(Critical Survey of Literature for Students)

In the upper-middle-class Chicago suburb of Lake Forest, Illinois, Conrad Jarrett is preparing for school. The seventeen-year-old joins his parents, Calvin and Beth, for breakfast, during which they exchange uncomfortable small talk. It is one month to the day since Conrad returned from a mental institution. He was institutionalized after he tried to kill himself following the accidental drowning of his older brother, Buck.

Conrad rides to school with several friends; he feels out of place in English class, and his swim coach alludes tactlessly to Conrad’s experiences in the mental hospital. Conrad feels less guarded and uncomfortable only in chorus class. When Conrad comes home, he and his mother engage in a brief, strained verbal exchange.

Beth recommends to Cal that they take a Christmas trip to London, which makes Cal uncomfortable since he not only is worried about Conrad but also is grieving silently over Buck’s death. As part of his recovery from clinical depression, Conrad begins psychotherapy with Dr. Berger. He reveals that his brother drowned in a boating accident, confesses his own suicide attempt using razor blades, and announces that he wants to be in better control of his emotions and his life.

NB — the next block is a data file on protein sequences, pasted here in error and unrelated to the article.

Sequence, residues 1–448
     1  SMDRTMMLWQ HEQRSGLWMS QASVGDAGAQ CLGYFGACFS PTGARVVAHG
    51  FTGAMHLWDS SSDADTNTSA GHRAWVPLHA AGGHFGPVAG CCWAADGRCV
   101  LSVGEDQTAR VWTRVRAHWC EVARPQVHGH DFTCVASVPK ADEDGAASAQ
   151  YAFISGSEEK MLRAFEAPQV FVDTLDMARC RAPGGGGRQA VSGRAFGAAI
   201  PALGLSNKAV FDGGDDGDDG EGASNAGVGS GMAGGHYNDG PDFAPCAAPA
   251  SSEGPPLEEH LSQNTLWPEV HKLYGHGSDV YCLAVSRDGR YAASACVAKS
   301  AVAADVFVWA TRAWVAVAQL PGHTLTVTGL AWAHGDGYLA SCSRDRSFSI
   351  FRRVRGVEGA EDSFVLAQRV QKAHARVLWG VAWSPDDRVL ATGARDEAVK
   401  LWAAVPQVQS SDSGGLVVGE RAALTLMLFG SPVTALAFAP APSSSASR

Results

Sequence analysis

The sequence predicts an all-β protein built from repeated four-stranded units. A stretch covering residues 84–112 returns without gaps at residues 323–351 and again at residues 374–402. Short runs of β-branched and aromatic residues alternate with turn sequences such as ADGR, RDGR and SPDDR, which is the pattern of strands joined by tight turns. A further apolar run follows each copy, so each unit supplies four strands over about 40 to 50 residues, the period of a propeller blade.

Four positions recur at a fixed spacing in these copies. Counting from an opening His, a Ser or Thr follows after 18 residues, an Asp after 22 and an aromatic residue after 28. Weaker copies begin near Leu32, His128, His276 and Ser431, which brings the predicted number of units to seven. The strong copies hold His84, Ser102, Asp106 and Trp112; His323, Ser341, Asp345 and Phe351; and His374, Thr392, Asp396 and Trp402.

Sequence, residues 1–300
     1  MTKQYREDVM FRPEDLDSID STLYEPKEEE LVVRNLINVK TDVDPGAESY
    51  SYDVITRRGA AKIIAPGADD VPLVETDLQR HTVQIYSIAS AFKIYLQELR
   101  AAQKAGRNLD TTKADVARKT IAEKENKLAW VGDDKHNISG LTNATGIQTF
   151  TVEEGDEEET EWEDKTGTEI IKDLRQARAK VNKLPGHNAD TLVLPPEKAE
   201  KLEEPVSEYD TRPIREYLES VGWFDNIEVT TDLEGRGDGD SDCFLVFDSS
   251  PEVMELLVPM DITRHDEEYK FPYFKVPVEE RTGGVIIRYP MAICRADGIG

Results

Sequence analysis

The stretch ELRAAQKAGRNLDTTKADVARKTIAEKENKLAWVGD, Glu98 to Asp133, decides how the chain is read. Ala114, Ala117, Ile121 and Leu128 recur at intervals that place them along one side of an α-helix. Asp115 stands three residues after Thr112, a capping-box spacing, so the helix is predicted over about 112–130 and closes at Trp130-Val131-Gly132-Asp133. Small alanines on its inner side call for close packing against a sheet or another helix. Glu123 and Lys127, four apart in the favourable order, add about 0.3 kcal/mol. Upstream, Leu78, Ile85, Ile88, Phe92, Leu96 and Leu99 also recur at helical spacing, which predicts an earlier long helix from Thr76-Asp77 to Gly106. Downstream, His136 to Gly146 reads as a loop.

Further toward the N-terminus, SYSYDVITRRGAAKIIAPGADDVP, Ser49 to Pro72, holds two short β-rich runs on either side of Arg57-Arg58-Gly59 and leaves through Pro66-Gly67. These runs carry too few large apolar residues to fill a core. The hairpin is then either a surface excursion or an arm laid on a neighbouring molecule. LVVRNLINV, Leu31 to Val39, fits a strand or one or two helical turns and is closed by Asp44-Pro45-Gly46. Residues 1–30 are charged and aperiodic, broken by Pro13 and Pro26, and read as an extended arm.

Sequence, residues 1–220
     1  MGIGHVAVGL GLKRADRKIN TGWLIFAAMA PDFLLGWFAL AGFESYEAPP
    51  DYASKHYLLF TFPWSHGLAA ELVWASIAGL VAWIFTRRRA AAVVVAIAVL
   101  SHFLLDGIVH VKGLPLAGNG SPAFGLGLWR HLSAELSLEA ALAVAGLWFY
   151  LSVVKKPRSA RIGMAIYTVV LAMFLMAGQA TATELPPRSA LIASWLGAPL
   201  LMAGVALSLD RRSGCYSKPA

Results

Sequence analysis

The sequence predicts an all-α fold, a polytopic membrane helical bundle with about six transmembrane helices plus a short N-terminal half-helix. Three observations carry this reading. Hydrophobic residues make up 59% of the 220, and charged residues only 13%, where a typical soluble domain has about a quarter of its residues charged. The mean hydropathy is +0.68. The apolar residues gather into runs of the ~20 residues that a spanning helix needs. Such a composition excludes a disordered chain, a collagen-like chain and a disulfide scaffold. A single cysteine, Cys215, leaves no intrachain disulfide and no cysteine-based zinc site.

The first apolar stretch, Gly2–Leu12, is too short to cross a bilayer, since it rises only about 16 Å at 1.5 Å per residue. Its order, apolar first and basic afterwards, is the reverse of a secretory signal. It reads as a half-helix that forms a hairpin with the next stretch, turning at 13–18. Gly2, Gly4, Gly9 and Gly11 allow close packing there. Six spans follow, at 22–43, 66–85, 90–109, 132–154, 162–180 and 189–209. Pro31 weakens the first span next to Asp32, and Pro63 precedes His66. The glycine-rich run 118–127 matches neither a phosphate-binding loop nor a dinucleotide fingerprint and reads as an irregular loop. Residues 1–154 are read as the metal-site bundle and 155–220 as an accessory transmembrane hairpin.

Conrad meets Karen, a friend from the mental institution. He learns that, far from experiencing his awkwardness and discomfort, she is very happily involved in her school. At a neighbor’s dinner party, Cal angers Beth by drinking too much and revealing that Conrad is seeing a therapist.

When Conrad reveals to Dr. Berger his increasing disgust with being on the swim team, Berger encourages Conrad to trust and act upon his feelings. Conrad quietly quits the team, causing an unpleasant confrontation with his mother, who verbally attacks him because she found out about his decision from a friend and not from Conrad himself. Conrad angrily accuses his mother of not caring about him and accuses his father of not understanding the simmering hostility between mother and son. Dr. Berger encourages Conrad to accept his...

(The entire section is 848 words.)